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Author Topic: Heathkit DX35 controlled carrier modulation  (Read 23822 times)
HAMHOCK75
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Posts: 621




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« Reply #30 on: April 12, 2016, 11:19:26 PM »

After your last comment about the meter, I decided to test the meter's accuracy (500 ohm/3 mA full scale ). It was way off. The DX35 has a 12 ohm sense resistor in the cathode of the 6146. When 1.2 VDC appears there, the current through the 12 ohms will be 100 mA.

I disconnected the meter and used an HP6205B power supply to provide exactly 1.2 VDC to the meter with my Fluke DMM was in series with the Heathkit meter. The Fluke read 2.32 mA when the Heathkit meter was at full scale reading 150 mA. when it should have been reading 100 mA. I added a 220 ohm resistor in series with the meter leads to drop the reading to 100 mA.

If the DX35 loses drive, the final loses negative bias so it essentially is absorbing 65 watts on its plate. If the DX35 loses drive and breaks into oscillation because it is unstable, most of the 65 watts still goes out into the dummy load as RF. Curious that the instability can actually save the final from excess plate dissipation.
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QRP4U2
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Posts: 262




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« Reply #31 on: April 13, 2016, 10:14:06 AM »

You might check the accuracy of the 12 ohm metering resistor as well as I have found them out of spec.

I use at least a 5%.

Also recall the cathode current is the sum of the plate, grid and screen currents, so subtract at least 10 mA from the meter reading when determining actual plate current. 

Phil

--------------------------------------------------------------------------------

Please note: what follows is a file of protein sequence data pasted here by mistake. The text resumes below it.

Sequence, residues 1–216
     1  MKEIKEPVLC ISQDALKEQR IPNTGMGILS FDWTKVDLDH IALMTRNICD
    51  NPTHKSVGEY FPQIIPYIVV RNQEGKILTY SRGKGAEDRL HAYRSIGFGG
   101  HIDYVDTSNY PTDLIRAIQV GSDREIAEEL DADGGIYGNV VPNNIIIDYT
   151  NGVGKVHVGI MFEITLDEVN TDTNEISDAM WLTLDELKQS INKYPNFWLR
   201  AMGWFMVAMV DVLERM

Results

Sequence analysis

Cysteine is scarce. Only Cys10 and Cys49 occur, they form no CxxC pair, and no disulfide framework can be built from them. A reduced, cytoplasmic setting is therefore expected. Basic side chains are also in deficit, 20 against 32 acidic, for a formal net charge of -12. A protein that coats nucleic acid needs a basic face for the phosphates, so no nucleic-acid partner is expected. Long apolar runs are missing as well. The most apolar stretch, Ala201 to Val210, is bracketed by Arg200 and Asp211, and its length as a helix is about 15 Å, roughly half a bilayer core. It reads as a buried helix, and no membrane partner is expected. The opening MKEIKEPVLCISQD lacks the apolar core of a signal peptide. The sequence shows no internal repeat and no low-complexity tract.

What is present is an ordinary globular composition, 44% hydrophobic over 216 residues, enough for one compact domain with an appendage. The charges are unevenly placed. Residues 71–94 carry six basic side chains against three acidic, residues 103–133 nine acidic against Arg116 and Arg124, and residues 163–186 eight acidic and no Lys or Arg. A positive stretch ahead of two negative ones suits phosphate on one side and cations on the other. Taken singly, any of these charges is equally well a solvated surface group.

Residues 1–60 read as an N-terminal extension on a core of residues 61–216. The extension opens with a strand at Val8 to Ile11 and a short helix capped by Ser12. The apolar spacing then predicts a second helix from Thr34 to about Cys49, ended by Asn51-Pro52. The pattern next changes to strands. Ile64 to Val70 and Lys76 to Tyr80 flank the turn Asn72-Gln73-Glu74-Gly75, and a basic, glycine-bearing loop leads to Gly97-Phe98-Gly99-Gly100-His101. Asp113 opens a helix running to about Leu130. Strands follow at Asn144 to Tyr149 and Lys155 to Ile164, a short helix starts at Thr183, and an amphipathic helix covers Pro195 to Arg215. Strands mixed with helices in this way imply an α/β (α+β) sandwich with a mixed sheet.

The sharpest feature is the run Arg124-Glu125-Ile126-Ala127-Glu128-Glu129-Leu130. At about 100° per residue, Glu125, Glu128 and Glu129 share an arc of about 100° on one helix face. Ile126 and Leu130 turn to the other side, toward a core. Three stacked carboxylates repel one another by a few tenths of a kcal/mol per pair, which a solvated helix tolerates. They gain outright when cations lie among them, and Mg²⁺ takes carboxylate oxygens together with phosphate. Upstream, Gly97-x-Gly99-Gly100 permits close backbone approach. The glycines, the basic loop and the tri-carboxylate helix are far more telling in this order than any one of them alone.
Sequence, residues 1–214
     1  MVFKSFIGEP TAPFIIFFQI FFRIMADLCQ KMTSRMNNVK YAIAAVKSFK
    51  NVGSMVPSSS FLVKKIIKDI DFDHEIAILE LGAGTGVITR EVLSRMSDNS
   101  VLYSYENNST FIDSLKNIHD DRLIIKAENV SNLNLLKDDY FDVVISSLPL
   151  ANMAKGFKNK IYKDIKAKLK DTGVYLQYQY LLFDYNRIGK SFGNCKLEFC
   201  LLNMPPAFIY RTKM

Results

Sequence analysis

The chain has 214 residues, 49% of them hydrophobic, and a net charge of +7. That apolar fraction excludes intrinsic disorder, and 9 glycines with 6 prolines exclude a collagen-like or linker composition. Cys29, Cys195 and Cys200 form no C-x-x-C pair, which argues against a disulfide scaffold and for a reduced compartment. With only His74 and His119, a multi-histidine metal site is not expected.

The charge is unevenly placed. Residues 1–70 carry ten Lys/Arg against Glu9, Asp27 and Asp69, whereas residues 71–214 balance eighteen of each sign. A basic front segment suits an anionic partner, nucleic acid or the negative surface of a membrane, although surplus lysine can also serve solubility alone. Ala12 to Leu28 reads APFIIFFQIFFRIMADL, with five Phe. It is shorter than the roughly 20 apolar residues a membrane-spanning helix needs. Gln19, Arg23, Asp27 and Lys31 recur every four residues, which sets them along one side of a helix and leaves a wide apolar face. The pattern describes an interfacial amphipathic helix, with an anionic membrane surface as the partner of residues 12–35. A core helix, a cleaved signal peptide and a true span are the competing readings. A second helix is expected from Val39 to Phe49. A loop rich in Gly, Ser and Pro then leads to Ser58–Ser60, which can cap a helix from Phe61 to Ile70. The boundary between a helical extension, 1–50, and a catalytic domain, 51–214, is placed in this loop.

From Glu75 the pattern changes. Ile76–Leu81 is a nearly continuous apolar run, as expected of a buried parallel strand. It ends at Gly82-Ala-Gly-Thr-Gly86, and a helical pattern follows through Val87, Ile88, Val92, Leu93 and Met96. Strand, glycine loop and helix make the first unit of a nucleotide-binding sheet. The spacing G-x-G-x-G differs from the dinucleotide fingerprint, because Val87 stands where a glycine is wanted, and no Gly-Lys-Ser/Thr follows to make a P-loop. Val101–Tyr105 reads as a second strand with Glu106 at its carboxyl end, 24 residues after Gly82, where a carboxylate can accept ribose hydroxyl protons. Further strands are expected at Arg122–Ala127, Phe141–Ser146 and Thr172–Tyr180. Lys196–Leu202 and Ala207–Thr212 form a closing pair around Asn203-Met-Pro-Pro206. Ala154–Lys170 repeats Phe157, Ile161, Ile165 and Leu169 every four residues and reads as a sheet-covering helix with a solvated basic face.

AC0OB - A Place where Thermionic Emitters Rule!

Besides, when you're a Ham, you experiment with and improve boat anchors - that's what you do. Smiley
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AC0OB - A Place Where Thermionic Emitters Rule!
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Besides, when you're a Ham, you experiment with and improve boat anchors - that's what you do!. Smiley
HAMHOCK75
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Posts: 621




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« Reply #32 on: April 13, 2016, 02:52:37 PM »

The 12 ohm resistor I did check early on. It is a 1% part which is better than the 5% parts used in the DX60. I did assume that the real plate current would be less but the manual says to tune for a meter reading of 100 to 125 mA. If the real plate current is about 10 mA less then the input power  will be about 600 VDC x 110 mA = 69 watts which is close to the specified 65 watts input. If I actually adjust the meter to reflect true plate current and someone tunes as the manual says for 125 mA then the input power would be 600 VDC x 125 mA = 75 watts.

Given the ability of the transformer, I prefer to err on the side of lower input power. I think this pretty much concludes the work on the DX35. Thanks for all your inputs. Obviously, you have been there and done that, lol.
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KC3NG
Member

Posts: 122




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« Reply #33 on: June 24, 2016, 01:52:36 PM »

Well said!!! John K4WVJ used to run a DX40 with CCM and it actually sounded good. It can be done!
Renee KC3NG
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